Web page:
- Most people reaching retirement are unlikely to afford the expense of a sports car.
- Decisions around debt are complex especially for those lacking a good grasp of financial basics.
- A decision to pay off debt will depend on each individual’s circumstances.
Figures from the Association of British Insurers show that in 2013 the mean annuity purchase price was £35,600. To put that into context, a 65-year-old man would be able to buy an annuity paying approximately £1,900 a year, but this does not include any provision for a spouse or inflation proofing. The median was only £20,000, which means half of those buying an annuity had less than this amount.
Research from the Prudential showed that one in six looking to retire in 2014 had debts, the main sources being credit cards (56 per cent), mortgage (44 per cent), overdrafts (19 per cent) and bank loans (14 per cent). On average the amount owed in 2014 was £20,700 (women) and £28,400 (men). If half of all people buying an annuity used less than £20,000 to do so, there are significant numbers each year retiring who owe more money than they have in their pension fund.
The decision on whether to pay off debt will vary according to circumstances. For mortgage holders with a tracker deal it may be advisable to leave their pension fund invested, if the payments can be made from alternative sources of income. A diversified portfolio of equities and bonds should reasonably be expected to provide growth in excess of the current base rate in most years, but this assumes some appetite for investment risk. The interest rate on credit card debt is typically in the region of 17 per cent which means paying off lump sums wherever possible will generally be preferable.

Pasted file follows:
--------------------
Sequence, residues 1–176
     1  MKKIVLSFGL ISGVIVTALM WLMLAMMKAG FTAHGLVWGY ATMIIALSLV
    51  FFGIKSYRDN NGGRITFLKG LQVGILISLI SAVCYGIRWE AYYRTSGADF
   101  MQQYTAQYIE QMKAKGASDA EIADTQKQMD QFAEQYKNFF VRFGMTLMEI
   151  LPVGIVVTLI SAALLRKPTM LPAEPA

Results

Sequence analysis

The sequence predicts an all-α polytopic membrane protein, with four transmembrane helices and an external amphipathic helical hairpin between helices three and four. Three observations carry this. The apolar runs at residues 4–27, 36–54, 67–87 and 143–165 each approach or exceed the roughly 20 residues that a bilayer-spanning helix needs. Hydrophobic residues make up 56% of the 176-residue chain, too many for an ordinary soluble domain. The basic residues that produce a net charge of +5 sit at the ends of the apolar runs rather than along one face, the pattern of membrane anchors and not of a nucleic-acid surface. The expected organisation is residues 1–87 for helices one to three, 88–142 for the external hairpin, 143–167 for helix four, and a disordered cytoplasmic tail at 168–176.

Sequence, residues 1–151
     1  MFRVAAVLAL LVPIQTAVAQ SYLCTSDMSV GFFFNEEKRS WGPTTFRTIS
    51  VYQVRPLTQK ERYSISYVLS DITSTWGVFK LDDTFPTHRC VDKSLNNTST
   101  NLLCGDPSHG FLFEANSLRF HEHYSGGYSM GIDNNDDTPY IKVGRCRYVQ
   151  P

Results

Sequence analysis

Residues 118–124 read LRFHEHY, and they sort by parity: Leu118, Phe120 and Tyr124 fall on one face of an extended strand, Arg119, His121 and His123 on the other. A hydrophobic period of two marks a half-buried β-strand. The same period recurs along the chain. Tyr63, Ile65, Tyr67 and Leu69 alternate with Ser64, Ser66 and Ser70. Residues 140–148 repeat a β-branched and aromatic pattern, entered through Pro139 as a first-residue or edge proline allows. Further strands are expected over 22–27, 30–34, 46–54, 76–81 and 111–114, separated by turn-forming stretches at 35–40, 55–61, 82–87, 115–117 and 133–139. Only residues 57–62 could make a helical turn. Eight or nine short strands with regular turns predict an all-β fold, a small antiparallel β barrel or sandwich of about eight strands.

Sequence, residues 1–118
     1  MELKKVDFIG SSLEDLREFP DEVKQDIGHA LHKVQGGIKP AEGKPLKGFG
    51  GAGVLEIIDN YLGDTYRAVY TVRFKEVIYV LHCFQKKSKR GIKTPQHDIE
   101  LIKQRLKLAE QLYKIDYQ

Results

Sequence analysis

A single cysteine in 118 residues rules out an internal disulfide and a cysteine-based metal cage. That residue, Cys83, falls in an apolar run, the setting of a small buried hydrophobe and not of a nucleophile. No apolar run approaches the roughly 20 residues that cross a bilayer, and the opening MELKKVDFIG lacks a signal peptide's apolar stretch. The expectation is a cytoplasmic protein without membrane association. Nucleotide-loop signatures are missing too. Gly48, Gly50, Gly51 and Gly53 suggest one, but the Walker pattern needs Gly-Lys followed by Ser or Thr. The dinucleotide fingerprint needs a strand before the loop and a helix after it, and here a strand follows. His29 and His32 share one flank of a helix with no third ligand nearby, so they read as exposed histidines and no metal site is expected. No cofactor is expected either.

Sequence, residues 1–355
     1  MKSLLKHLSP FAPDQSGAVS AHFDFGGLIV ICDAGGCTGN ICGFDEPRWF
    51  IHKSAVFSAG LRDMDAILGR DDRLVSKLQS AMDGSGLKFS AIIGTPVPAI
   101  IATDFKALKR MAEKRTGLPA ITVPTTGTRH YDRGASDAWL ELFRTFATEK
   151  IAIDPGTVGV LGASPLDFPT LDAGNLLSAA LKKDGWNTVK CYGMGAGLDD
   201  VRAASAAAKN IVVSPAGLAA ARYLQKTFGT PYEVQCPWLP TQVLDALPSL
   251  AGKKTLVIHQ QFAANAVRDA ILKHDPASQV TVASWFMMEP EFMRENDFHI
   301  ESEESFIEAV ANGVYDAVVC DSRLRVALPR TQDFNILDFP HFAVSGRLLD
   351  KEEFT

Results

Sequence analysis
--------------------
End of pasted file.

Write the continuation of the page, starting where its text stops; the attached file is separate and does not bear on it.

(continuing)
Decisions around debt are complex, in particular for those without a good grasp of financial basics. The Pension Wise service is unlikely to provide the level of detailed guidance required to help make these decisions and paid for financial advice is beyond the reach of this group. The FCA has attempted to ensure consumers receive risk warnings and tax information from pension providers before they access lump sums. Despite this, it will be worryingly easy for individuals to make poor decisions about their future income when faced with concerns about debt.
With average levels of indebtedness exceeding average pension funds, many pensioners may find themselves relying wholly on the state for their retirement income. Indeed, this has proved to be the case in Australia where the government is considering reintroducing restrictions on pension withdrawals after a report found half those retiring took money as a lump sum and a quarter of those had run out of money by age 70.
What are the implications of using a pension fund to pay off debt?
The government has not released any plans to limit access to means-tested benefits for those who have withdrawn all their pension savings. If the UK experience follows that of Australia, it seems likely the state will be forced to provide additional support to pensioners in poverty regardless of whether they have used their pension fund to buy a Lamborghini, pay off their mortgage or they just never had one in the first place.